The Governor of Pennsylvania spoke on Monday about the lack of political will for the state to become a ‘right-to-work’ state, according to The Associated Press. Corbett is a Republican who has not made right-to-work a top issue while in office because he has fought unions on other problems. He also has never said if he would support a bill if it ever found its way onto his desk.
While making his normal appearance on the Dom Giordano Program on 1210 WPHT-AM in Philadelphia Monday, Corbett said, “There is not much of a movement to do it and lot of it has to do with the politics at the local level, at the county level and at the state level. Until I see a strong will to get legislation passed, we have a lot of other things that we have to get passed.”
Bills for right-to-work prohibit requirements that employees have to join unions or pay union dues if they wish to work with companies that use unions. Those in support of such legislation argue that the bill would create freedom of association for the employees and improve the working environment. Those who oppose such legislation argue that the intent is to force the unions to lose money and their power to bargain. They also argue that such legislation would kill the middle class.
“It’s a line in the sand we’ll fight very hard on,” said Rick Bloomingdale, president of the AFL-CIO labor federation in Pennsylvania.
Corbett gave a speech on Saturday in New York City at a Pennsylvania Manufacturers’ Association breakfast. In the speech, Corbett discussed his priorities for the future and never talked about right-to-work bills. Nine sponsors decided to support a right-to-work bill that hit the 50-memebr state Senate, with all of them being Republicans. Those who did not support the legislation were Senate President Pro Tempore Joe Scarnati and Majority Leader Dominic Pileggi. In the 203-member House, just 35 members supported the legislation.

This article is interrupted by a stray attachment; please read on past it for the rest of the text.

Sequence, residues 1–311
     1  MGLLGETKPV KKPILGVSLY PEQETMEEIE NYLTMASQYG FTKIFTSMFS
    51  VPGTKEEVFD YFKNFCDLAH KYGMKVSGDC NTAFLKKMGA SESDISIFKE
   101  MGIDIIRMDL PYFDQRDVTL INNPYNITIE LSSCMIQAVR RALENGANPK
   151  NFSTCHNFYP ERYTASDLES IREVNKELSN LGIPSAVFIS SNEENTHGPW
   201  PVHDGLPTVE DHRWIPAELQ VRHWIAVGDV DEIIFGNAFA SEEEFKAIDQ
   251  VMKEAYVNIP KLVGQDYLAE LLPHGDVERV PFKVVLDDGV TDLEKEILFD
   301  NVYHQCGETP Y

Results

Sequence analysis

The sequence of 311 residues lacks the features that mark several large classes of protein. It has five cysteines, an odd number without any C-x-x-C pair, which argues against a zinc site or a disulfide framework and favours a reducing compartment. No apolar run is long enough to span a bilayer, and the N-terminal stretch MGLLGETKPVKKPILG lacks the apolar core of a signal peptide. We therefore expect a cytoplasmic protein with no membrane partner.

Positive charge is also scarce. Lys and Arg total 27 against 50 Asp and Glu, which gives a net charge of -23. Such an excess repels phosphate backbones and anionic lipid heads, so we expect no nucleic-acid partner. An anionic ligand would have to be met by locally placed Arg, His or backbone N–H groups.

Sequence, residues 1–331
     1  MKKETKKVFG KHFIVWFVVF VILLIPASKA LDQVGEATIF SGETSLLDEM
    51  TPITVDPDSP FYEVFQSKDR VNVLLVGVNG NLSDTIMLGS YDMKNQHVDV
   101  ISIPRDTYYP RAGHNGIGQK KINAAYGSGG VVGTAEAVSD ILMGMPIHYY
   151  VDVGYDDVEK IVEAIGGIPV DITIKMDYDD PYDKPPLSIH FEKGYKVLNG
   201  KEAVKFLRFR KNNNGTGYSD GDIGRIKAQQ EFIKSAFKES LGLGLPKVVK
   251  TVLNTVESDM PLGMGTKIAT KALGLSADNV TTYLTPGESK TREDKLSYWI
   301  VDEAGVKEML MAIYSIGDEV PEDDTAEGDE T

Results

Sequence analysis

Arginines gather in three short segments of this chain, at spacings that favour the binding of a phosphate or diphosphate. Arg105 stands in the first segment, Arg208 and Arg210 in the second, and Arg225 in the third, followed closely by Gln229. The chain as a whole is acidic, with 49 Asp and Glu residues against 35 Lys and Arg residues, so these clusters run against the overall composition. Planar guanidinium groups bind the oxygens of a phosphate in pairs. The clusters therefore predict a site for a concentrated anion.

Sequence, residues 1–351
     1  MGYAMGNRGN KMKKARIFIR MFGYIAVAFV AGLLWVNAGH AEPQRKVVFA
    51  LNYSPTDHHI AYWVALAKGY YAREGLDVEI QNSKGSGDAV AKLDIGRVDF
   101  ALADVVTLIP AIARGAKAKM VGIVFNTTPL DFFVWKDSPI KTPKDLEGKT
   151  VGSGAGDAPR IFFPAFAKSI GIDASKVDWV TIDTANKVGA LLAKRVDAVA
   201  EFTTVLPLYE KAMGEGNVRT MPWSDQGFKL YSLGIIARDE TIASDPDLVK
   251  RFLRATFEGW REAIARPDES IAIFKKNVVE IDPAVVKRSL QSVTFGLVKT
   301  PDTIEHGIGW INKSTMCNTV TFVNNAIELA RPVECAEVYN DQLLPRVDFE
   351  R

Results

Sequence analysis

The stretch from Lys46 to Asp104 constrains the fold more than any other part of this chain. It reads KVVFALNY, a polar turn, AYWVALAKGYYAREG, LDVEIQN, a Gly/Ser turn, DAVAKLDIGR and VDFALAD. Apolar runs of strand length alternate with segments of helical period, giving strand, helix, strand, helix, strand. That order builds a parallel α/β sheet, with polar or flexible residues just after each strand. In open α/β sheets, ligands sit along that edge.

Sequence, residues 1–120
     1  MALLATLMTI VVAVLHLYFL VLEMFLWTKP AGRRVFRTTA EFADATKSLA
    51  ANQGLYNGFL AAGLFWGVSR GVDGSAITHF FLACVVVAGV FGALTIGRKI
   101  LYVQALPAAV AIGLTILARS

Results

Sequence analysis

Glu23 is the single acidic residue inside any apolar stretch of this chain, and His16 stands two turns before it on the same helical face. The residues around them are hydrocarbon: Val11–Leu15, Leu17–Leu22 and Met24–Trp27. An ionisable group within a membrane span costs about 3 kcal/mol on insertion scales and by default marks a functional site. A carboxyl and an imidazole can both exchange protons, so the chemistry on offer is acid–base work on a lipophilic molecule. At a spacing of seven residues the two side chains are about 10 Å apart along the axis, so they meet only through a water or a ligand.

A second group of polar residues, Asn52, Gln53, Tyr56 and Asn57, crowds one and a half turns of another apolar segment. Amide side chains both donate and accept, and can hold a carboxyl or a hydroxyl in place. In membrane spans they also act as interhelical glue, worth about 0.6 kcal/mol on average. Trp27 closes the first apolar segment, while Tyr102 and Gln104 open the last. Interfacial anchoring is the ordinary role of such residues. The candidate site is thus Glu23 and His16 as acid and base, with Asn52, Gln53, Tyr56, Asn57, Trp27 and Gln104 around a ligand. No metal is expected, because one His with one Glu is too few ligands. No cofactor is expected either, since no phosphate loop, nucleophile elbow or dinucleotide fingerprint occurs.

The head of the Pennsylvania Business Council, David Patti, said, “This is a very pro-labor state and for the larger firms, they have long ago come to some accommodation with the workforce and organized labor. If I was waving a magic wand or could do it just because I said so, sure, but we’re not making an effort on it.”
The House Labor and Industry Committee chair for the previous two years, Rep. Ron Miller (Republican from York), said, “It is a very difficult lift and if the governor is saying he’s not going to lead the charge, I don’t see us getting it done.”PA Governor Corbett: State Lacks Will to Pass 'Right-To-Work' by Andrew Ostler